Feature | Stents | November 08, 2017

OrbusNeich Combo Dual-therapy Stent Noninferior Vs. Xience Stent in HARMONEE Trial

One-year results from the study were presented at TCT 2017

OCT comparison between the Combo vs. Xience stents in the HARMONEE study.

OCT comparison between the Combo vs. Xience stents in the HARMONEE study.

Mitchell W. Krucoff M.D., FACC, FAHA, FSCAI, professor of medicine/cardiology, Duke University Medical Center, director, cardiovascular devices unit, Duke Clinical Research Institute, presenting the Japan-USA HARMONEE trial results during a press conference at TCT 2017.

Mitchell W. Krucoff M.D., FACC, FAHA, FSCAI, professor of medicine/cardiology, Duke University Medical Center, director, cardiovascular devices unit, Duke Clinical Research Institute, presenting the Japan-USA HARMONEE trial results during a press conference at TCT 2017. 

How the OrbusNeich Combo stent works.

How the OrbusNeich Combo stent works.

November 8, 2017 – New results from the HARMONEE Japan/U.S. Registration Trial, reported by in a first report investigations session at the 2017 Transcatheter Cardiovascular Therapeutics (TCT) scientific symposium, demonstrate that the OrbusNeich Combo Dual-therapy Stent (DTS) compares favorably to the market-leading Abbott Xience stent for treating patients with significant ischemic heart disease. 

The Japan-United States of America Harmonized Assessment by Randomized Multicenter Study of OrbusNEich’s Combo StEnt (HARMONEE) is a pivotal (Shonin, Japan) registration study being conducted to demonstrate the effectiveness of the combined endothelial progenitor cell capture and drug-eluting stent (COMBO) compared to the Xience stent in patients with ischemic coronary disease and non-ST-elevation acute coronary syndrome. The results showed that the overall incidence of the primary endpoint target vessel failure (TVF) was lower than the original estimated 9 percent, with 7 percent in the Combo group vs. 4.2 percent in the Xience group at 12 months, thereby meeting the non-inferiority requirement (P = 0.020).[1]
 
“Achieving non-inferiority in TVF compared to the best-in-class current DES, with the addition of superior surrogate measures of site healing by COMBO in this randomized study, represents the opening of an exciting new chapter in percutaneous coronary intervention device design targeting enhanced safety and effectiveness for patients with coronary artery disease,” said Principal Investigator Mitchell Krucoff, M.D., Ph.D., FACC, FAHA, FSCAI, professor of medicine/cardiology, Duke University Medical Center, director, cardiovascular devices unit, Duke Clinical Research Institute, Durham, N.C.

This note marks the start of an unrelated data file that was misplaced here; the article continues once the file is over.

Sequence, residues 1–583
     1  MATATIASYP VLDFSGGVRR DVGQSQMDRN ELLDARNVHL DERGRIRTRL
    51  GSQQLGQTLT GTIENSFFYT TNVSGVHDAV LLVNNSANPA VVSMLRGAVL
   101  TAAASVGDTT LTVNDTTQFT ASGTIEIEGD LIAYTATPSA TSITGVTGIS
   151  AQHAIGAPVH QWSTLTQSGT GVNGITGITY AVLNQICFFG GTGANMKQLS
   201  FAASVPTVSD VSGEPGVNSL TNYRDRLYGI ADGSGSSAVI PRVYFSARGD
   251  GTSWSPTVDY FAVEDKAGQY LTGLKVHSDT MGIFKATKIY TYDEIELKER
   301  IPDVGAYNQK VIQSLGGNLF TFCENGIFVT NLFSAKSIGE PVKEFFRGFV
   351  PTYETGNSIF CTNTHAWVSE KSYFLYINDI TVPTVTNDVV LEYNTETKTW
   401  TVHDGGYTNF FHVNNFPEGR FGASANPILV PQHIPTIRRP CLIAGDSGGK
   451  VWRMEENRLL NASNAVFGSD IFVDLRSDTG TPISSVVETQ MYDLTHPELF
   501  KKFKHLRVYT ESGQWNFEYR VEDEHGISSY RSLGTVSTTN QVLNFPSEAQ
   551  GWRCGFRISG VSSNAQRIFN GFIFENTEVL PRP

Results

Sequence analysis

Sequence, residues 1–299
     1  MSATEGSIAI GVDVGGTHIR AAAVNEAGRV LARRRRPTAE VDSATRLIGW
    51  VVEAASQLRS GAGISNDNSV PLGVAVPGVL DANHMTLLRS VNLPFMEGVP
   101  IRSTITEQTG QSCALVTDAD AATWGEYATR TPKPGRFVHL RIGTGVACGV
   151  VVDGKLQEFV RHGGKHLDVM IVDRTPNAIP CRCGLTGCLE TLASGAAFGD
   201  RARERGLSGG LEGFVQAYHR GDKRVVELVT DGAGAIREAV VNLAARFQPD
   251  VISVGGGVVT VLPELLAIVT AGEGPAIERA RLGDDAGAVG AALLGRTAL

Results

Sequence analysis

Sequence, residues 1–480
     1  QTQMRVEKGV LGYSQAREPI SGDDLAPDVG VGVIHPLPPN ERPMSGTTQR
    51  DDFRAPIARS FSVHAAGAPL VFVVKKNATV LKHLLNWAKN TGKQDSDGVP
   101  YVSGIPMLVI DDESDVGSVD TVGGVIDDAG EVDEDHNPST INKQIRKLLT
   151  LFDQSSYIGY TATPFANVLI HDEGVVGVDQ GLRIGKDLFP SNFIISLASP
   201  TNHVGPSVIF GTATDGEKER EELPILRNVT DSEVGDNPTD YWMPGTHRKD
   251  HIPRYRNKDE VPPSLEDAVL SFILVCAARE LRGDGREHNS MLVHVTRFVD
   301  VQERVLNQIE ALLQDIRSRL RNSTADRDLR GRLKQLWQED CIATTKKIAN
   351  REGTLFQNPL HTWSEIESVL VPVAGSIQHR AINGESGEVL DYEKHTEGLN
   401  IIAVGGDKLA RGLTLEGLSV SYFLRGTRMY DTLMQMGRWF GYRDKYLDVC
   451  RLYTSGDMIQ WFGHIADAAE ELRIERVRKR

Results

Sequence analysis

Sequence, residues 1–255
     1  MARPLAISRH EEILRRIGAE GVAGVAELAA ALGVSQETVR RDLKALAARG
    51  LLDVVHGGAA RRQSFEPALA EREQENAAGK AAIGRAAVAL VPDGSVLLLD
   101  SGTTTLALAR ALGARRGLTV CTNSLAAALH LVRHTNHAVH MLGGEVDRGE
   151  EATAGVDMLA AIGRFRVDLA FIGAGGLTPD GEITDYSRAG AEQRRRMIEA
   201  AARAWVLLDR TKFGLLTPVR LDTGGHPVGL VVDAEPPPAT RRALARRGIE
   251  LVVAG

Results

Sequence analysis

Kaplan-Meier curves revealed that target vessel revascularization (TVR) events driven by the one-year protocol re-catheterization were notable in both stent groups, despite the use of fractional flow reserve (FFR) to mitigate such event spikes. The TVF odds ratio of Combo versus imputed bare-metal stent (BMS) was 0.673 and did not meet the pre-specified assay sensitivity, but the comparison was underpowered due to the low TVF rates (4.2 vs. predicted 9 percent). Combo was superior to imputed BMS with respect to angiographic in stent (P<0.001) and in segment late-loss (P=0.003) at 12 months.
 
An independent quantitative coronary arteriography core laboratory reported in stent late loss at one year of Combo vs. Xience of 0.293 mm vs. 0.219 mm and in segment late loss of 0.229 mm vs. 0.220 mm respectively. Additionally, the angiographic in stent restenosis of Combo vs. Xience was 1.3 vs. 2.6 percent and in segment restenosis was 2.5 vs. 3.9 percent.
 
Optical coherence tomography (OCT) at 12 months revealed significantly better healthy tissue strut coverage (thickness >40 micron in patients with normal FFR) with Combo vs. Xience (91.56 vs. 74.82 percent; P<0.001). Also, the qualitative appraisal of the neo-intima showed more homogeneous tissue with Combo vs. Xience (81.2 vs. 68.8 percent). “OCT observations suggest an active mechanistic role of EPC technology including superior healthy tissue strut coverage with Combo vs. the everolimus-eluting stent, and more qualitatively homogeneous neointimal tissue with Combo,” Krucoff explained.
 
The results from HARMONEE build further evidence for Combo and help to support OrbusNeich’s planned application for approval in Japan and to meet the feasibility trial requirements in the U.S.
 

About the HARMONEE Study

The HARMONEE study [NCT02073565] was conducted in 50 hospitals in Japan and the USA, enrolling a total of 572 patients, who were randomized to receive a COMBO stent or a Xience stent in a 1:1 fashion. The protocol defined primary clinical endpoint of the HARMONEE study was target vessel failure (TVF), a composite of cardiac mortality, myocardial infarction, or ischemic target vessel revascularization within one year of post index treatment. Fractional flow reserve (FFR) was used as an objective quantitative indicator for ischemia. OCT assessments were performed after six and 12 months in subsets of patients in order to provide mechanistic insights into the healing patterns in both groups, with attention to factors likely to be affected by the EPC capture technology. All patients were followed up at 12 months with quantitative coronary angiography (QCA), including FFR.
 
For more information: www.OrbusNeich.com
 

Related Content

TCT 2017 Late-breaking Clinical Trial Presentations

 
Reference:

1. Krucoff M, Saito S. “HARMONEE: A Randomized Trial of a Bioabsorbable Polymer-Based DES with a Luminal CD34+ Antibody Coating vs a Durable Polymer-Based DES in Patients with Coronary Artery Disease.” Oral presentation at the 29th annual Transcatheter Cardiovascular Therapeutics scientific symposium, Oct. 30, 2017.

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